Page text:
A touch of light

A touch of light

This is a movingly written book about a boy who is unable to find joy in anything, writes Rashmi Vasudeva

Darkless Tanu Shree Singh (Illustrated by Sandhya Prabhat)

You know a book is a hit with your child if she finds a special place for it after it is read. You know the book is a smashing hit when she keeps the book in its newly-allotted ‘special’ place and runs back for a bear hug. 

Meant for children aged five and above, this stunningly illustrated and movingly written book about a boy who is not finding joy in anything made my six-year-old sad, anxious, curious, happy and thoughtful — all at once. It is the story of little Ani who is shown to be clouded by darkness — quite literally. Nope, neither ice-cream, nor chocolate can dispel his darkness (much to the astonishment of its young reader).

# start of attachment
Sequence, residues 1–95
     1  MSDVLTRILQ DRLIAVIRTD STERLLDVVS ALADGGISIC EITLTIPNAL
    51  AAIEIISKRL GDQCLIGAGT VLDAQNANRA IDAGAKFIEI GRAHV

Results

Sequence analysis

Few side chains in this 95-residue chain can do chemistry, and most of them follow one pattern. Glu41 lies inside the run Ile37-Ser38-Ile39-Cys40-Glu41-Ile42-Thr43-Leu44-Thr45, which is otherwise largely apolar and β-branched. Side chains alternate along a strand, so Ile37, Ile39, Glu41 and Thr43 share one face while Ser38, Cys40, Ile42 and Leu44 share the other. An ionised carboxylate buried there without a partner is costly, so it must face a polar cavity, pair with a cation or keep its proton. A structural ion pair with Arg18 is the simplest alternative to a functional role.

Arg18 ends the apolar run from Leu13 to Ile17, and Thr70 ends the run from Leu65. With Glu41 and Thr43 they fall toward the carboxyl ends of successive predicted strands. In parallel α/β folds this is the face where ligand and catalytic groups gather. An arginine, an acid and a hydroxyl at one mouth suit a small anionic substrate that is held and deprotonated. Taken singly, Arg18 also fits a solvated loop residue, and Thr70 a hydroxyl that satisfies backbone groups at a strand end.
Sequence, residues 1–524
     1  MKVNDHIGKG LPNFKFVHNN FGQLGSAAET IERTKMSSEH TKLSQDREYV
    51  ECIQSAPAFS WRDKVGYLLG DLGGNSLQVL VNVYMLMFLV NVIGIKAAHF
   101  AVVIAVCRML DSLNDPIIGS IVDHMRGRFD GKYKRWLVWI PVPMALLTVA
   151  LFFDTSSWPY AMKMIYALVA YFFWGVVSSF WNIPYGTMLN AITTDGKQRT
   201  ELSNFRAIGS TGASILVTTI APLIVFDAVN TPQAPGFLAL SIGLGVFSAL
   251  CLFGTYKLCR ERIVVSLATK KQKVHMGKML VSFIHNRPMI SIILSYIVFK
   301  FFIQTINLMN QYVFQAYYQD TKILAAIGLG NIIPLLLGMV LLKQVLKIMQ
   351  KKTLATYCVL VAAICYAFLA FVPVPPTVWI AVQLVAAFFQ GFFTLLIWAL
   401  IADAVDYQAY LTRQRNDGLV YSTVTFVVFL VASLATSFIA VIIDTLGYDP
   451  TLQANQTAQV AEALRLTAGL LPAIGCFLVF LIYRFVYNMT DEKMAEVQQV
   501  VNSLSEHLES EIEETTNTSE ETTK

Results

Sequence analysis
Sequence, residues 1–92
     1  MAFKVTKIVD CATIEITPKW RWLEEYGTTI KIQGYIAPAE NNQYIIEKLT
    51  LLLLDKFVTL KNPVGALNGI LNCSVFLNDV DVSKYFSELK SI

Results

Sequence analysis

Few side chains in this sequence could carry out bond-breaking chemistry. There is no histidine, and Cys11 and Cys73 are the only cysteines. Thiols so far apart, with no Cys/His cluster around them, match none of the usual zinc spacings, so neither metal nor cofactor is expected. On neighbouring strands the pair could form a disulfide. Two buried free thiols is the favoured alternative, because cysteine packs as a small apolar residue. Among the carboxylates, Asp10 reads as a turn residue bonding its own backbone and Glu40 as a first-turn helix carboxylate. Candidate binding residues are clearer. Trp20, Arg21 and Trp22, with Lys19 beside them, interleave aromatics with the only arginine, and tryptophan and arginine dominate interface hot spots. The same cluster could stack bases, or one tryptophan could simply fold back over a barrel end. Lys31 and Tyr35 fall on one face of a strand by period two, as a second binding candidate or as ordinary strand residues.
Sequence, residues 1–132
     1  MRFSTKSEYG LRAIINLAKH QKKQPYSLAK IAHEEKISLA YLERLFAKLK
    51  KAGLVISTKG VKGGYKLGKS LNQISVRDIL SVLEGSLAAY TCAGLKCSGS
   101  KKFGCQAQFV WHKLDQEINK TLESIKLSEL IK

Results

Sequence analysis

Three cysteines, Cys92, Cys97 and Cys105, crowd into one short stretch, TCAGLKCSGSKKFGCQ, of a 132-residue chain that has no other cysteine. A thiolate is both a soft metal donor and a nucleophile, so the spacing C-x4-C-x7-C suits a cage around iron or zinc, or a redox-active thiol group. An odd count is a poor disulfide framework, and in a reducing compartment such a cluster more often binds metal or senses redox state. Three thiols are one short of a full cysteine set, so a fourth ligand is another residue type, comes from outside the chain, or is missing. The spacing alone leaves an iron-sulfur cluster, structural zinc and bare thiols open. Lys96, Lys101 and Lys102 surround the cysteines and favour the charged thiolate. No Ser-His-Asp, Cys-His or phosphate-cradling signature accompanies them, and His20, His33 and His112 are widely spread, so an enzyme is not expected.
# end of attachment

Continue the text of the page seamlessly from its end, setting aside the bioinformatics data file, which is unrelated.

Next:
School does not interest him and his Nani’s efforts at bringing a smile on her beloved grandson’s face flop spectacularly. What is making Ani so sad? Why has everything in his world lost its colour? 

Without revealing the story, let’s just say the book deals with issues that sorely need dealing with — how to handle children who are hurting from the inside, how to let children be, how to build empathy, and most importantly, how to deal with love, disease and separation. 

The denouement, when it eventually comes, is as tender as the dust fairies that waft past a (finally) happy and relieved Ani. As Ani’s ma tells him, “as long as you let others love you, you will be okay.” 

And that’s partly how Ani’s world becomes dark-less. 


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